GIS is one of today's most important software platforms. It is of critical importance not only to science and research, but also to businesses, consumers, and public agencies. Until recently, however, a FOSS replacement for proprietary desktop GIS, i.e. a system that would not require its users to completely rethink their approach to GIS, that would allow them to continue working without having to convert their data to another format first, and that would cover the entire workflow, from data editing and processing to map publication, was simply not available. The fact that this situation has changed dramatically, and that archaeologists, among others, no longer need to pay for expensive proprietary GIS, is in no small part thanks to QGIS and gvSIG. QGIS is probably the most 'well known' and 'popular' of the FOSS GIS solutions. gvSIG, less well known, is also a powerful GIS – especially the 'CE'-fork, based on the gvSIG OADE (Oxford Archaeology Digital Edition), with much to offer to archaeology. The Landesamt für Denkmalpflege Baden-Württemberg employs both QGIS and gvSIG CE and has been actively involved in the continued development of archaeological tools for and in gvSIG CE (Figures 1 and 2).

Figure 2
Figure 2: Screenshot of gvSIG-CE showing the use of onboard tools to create section lines between section nails recorded with Survey2GIS

The history of gvSIG (Generalitat Valencia Sistema de Información Geográfica) begins in 2003, when the Spanish software developers Iver were awarded a contract by the Regional Ministry of Infrastructure and Transport of Valencia (CIT) to develop a new, functional and stable open-source GIS to be used in cadastral works, spatial planning and the management of public infrastructure, to replace proprietary CAD and GIS solutions for spatial database access. 2009 saw the release of gvSIG 1.9, which was at that time the first FOSS desktop GIS solution that could be considered a fully functional replacement for established proprietary GIS. But productivity was hindered by its 'bugginess', the rough edges of the graphical user interface and the incompleteness of the English translation of commands. After the release of gvSIG 1.9, CIT made the decision to focus all future development on version 2.0, which was to be written from scratch. At that time no release date was set. For the (many) users of gvSIG 1.9, reverting to an older version of gvSIG was not a feasible option, as the version in question, gvSIG 1.1.2, was inferior in terms of its functionality and lacked many capabilities required of a professional GIS solution. Thus, users were trapped between an outdated version, an error-prone version and one that did not yet exist. In the UK, Oxford Archaeology had invested in gvSIG and depended on it as the core element of its FOSS GIS migration. It reacted to the dilemma it now faced by using its own resources to improve gvSIG 1.9 to the point where it could be used for productive work. It was in fact so successful that it finally motivated the CIT's project team to improve upon the code of their version 1.9, releasing version 1.10 (and later 1.11 and 1.12) prior to version 2. gvSIG OADE 2010 ultimately led to the development of a new project: gvSIG Community Edition (CE), supported by a lively consortium of open-source developers. In technical terms, the CE project is a 'fork' of the original gvSIG based upon the Version 1 code base, rather than on that of version 2. At the time of writing, the 64-bit version is vital, well developed and (alongside QGIS) established as an important archaeological, landscape analysis and administrative tool in both the Landesamt für Denkmalpflege Baden-Württemberg and the Bayerisches Landesamt für Denkmalpflege (State Cultural Heritage Department, Bavaria).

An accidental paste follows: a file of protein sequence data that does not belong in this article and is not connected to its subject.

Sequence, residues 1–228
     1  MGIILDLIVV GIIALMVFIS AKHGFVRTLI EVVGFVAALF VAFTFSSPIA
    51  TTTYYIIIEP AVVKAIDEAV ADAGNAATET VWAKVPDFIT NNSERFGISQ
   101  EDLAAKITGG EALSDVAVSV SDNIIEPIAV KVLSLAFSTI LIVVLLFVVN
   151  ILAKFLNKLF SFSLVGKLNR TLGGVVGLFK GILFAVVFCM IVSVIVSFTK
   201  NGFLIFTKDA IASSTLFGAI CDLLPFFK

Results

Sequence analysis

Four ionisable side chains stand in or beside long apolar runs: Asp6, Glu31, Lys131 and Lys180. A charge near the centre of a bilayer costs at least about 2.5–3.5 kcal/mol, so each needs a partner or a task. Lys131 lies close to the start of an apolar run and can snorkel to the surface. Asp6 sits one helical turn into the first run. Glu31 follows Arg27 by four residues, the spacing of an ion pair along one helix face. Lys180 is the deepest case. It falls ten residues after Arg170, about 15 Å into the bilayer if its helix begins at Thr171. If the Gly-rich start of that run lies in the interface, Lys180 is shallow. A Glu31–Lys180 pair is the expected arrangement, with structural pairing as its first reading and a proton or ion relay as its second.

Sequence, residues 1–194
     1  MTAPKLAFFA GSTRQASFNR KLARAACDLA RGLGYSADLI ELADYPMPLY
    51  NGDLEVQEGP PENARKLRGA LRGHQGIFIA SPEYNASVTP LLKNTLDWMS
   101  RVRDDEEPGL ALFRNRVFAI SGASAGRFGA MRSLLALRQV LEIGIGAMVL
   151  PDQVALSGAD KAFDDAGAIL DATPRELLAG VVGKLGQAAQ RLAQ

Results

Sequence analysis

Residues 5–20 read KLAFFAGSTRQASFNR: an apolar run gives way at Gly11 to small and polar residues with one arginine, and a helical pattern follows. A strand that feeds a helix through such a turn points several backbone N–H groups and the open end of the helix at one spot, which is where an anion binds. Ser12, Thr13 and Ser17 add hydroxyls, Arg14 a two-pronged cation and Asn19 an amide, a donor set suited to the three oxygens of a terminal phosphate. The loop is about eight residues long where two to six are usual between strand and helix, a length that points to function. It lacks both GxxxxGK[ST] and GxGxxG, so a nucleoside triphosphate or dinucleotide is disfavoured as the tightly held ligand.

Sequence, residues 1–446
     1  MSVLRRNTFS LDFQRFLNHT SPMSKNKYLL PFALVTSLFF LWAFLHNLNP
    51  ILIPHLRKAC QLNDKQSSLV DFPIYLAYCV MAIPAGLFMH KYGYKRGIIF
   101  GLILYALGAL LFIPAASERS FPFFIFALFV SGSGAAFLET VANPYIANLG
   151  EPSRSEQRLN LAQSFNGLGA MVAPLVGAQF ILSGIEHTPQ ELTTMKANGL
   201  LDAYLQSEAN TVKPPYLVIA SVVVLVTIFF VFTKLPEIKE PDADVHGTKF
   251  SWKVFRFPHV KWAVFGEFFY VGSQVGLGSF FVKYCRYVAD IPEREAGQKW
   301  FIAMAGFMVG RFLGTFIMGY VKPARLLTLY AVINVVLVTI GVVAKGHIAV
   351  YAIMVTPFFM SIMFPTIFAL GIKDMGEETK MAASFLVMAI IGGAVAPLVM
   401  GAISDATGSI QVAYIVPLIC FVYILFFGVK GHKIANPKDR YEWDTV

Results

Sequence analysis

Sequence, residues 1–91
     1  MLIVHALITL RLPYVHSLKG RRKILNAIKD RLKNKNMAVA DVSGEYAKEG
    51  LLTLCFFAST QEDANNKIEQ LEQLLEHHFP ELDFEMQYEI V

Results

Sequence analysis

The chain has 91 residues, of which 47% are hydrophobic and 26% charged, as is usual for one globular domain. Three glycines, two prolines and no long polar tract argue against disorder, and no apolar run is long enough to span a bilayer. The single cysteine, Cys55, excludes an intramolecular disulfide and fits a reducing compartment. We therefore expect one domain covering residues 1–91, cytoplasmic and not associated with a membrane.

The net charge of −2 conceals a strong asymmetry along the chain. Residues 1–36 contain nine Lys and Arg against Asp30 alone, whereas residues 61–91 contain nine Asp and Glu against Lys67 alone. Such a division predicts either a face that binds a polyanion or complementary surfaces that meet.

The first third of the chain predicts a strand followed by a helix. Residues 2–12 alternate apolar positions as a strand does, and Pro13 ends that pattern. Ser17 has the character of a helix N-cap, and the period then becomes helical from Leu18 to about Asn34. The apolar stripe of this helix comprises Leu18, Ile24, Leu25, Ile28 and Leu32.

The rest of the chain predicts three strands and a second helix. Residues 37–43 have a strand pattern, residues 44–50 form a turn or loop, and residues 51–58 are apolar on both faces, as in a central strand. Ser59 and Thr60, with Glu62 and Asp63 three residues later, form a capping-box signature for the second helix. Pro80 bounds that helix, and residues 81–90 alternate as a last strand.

2.2 Landesamt für Denkmalpflege Baden-Württemberg, Germany: survey2GIS: FOSS for field archaeology

Survey2GIS is a light-weight FOSS tool for use in field documentation and surveying, a sustainable program for transferring survey data into GIS. It should be of the greatest interest to the archaeological reader.

The primary motivation for creating Survey2GIS was to gain flexibility and technological independence, as well as the economic aspects discussed above. Faced with an initial situation similar to that of Oxford Archaeology during its dilemma concerning gvSIG, though with a much stronger financial element, the Landesamt für Denkmalpflege Baden-Württemberg needed to find a way to lessen its dependence on costly specialist software for field documentation. This led to an internal review of actual user needs. In 2011/2012, under the direction of the Landesamt für Denkmalpflege's digital archaeology unit, then current field workflows were analysed and individual FOSS solutions were considered. A central element in the Landesamt für Denkmalpflege's strategy was the transition of topographic survey activities from proprietary CAD to (FOSS) GIS (gvSIG CE and QGIS). To make this possible, new software had to be devised to act as the link between the surveying hardware and the GIS.

Figure 3
Figure 3: Screenshot of Survey2GIS, start up screen